She stopped dead, still damp from the river, her eyes widening and her mouth already dropping open in shock. It couldn’t be, could it?

 

It was him.

 

Bruno burst through the treeline on a horse, fury sparkling in his eyes.

 

“She didn’t do this!” he repeated. “I gave her a vision!” He tried to get down, getting himself tangled in the stirrup, the sight alone bringing back so many memories. It had always amused Alma that Bruno could ride a horse better than his sisters, but for the life of him he never managed to dismount gracefully. All that skill failed him and he always fell or got stuck. She could never understand why.

 

“It was me!” he was shouting and all Alma could do was stare. He still wore a green ruana, much too big; it was patched and faded, unraveling in places.

 

Bruno was here. Bruno was alive.

 

Her son was here.

 

“She only wanted to help!”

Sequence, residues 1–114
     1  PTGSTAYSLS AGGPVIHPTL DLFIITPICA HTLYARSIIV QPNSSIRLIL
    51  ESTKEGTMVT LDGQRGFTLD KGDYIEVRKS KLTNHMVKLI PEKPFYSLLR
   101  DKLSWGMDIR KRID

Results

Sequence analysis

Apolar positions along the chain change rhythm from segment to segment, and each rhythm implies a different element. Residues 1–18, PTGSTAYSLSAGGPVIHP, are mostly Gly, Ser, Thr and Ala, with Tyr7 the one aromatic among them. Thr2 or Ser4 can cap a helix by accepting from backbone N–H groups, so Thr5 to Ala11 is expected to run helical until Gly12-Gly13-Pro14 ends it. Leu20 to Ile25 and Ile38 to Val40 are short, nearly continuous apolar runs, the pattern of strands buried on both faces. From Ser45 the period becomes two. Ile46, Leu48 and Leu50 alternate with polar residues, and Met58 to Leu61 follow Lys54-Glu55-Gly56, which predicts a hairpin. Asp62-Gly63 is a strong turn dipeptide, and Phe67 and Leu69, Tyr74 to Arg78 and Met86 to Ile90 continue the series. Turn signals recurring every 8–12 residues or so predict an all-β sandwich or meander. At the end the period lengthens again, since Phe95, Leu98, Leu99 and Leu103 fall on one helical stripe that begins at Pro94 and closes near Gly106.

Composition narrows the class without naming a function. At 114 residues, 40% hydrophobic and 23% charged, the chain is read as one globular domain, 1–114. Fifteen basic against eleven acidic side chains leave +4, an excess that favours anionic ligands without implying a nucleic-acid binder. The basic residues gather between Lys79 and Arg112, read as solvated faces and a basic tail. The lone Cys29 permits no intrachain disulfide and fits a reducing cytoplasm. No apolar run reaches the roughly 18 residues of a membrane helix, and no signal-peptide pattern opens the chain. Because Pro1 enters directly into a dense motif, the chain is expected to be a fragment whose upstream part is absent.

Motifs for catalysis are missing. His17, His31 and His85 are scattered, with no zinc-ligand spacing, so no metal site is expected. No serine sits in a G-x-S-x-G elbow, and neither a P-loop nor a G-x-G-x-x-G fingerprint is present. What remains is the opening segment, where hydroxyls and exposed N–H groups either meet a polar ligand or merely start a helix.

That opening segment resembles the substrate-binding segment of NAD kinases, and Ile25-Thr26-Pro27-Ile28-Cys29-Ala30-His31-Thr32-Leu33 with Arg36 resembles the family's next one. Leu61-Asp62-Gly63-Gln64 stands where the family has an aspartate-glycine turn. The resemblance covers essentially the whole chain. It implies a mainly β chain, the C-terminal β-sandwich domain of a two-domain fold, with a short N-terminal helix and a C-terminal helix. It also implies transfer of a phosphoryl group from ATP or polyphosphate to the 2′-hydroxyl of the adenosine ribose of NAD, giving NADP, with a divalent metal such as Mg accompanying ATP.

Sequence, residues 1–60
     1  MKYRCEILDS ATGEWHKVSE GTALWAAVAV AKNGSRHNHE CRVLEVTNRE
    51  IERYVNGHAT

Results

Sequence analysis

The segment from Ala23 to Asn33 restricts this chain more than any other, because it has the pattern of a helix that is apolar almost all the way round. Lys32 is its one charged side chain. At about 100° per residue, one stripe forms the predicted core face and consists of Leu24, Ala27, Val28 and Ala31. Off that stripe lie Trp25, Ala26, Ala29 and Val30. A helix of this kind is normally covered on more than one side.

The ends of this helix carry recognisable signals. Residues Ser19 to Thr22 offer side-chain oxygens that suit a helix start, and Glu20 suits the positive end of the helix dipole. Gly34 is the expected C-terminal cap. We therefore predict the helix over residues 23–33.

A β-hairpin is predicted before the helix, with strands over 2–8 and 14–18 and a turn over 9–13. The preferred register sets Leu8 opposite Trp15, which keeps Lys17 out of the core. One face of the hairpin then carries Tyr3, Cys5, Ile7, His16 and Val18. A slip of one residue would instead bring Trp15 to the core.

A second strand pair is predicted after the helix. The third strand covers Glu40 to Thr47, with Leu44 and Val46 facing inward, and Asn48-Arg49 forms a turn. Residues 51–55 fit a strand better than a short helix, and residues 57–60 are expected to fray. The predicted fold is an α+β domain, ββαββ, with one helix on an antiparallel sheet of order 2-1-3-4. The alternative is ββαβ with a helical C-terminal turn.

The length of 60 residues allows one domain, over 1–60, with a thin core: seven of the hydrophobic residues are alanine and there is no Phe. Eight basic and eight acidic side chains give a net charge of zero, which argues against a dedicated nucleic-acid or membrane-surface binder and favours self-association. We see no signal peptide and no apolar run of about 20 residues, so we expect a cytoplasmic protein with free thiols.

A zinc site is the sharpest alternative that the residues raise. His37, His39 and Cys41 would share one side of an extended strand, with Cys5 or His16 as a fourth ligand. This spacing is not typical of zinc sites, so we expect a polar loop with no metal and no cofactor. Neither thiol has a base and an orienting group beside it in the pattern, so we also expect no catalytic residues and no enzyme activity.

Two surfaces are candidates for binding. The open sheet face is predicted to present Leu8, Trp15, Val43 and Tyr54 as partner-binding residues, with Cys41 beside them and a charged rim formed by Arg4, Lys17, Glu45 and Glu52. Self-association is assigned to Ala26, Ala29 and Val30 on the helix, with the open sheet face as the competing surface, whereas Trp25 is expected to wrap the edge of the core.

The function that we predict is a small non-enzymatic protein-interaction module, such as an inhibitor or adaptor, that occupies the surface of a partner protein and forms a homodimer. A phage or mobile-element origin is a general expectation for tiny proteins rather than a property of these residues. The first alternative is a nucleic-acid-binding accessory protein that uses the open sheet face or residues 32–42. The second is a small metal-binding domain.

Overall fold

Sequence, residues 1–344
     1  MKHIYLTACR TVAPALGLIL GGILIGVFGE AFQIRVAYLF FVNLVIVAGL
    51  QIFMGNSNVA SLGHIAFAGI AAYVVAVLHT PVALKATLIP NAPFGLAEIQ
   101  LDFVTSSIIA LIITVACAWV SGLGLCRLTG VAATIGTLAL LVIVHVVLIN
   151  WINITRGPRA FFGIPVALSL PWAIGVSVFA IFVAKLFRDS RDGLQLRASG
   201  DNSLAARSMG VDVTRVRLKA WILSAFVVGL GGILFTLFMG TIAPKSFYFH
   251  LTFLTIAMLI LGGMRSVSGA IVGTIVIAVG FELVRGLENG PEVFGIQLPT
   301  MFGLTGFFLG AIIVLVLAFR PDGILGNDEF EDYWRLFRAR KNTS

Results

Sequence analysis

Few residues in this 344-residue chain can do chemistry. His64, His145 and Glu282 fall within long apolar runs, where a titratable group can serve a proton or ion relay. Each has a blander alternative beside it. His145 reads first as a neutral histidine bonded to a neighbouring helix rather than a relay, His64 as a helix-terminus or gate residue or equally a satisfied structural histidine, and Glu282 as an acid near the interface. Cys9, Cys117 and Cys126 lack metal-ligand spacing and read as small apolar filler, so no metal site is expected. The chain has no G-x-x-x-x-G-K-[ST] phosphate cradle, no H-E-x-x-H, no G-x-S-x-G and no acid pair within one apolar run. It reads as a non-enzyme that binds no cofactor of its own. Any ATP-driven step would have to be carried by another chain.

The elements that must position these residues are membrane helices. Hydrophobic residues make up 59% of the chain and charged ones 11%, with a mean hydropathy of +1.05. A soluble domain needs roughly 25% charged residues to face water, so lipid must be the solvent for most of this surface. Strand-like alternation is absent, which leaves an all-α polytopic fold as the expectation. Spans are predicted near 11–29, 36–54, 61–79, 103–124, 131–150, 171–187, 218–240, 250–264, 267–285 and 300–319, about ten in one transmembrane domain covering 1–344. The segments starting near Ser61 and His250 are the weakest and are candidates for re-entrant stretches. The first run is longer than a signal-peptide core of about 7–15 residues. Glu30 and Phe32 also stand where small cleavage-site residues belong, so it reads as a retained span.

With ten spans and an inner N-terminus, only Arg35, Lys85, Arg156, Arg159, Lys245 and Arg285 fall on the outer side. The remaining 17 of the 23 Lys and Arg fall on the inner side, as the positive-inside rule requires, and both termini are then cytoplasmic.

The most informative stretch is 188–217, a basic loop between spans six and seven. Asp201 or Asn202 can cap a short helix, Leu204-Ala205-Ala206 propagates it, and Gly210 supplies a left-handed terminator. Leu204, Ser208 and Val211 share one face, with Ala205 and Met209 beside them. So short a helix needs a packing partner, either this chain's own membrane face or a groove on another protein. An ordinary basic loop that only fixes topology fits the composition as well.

Her son was here and he was yelling at her. Alma took a step forward, unable to look away from him. She blinked and he didn’t disappear. She didn’t wake up. Bruno was still in front of her, still yelling, gesturing wildly with his hands the way he’d always done.

 

“I don’t care what you think of me-

 

Her son was alive.

 

Alma ran.

 

“-but if you’re too stubborn to-! To…” He stammered and fell silent, tense in her arms. Alma clung to him with all her might, the way she wished she had done all those years ago. His heart beat loudly against her ear, thump-thump-thump; he was alive, alive, gloriously alive.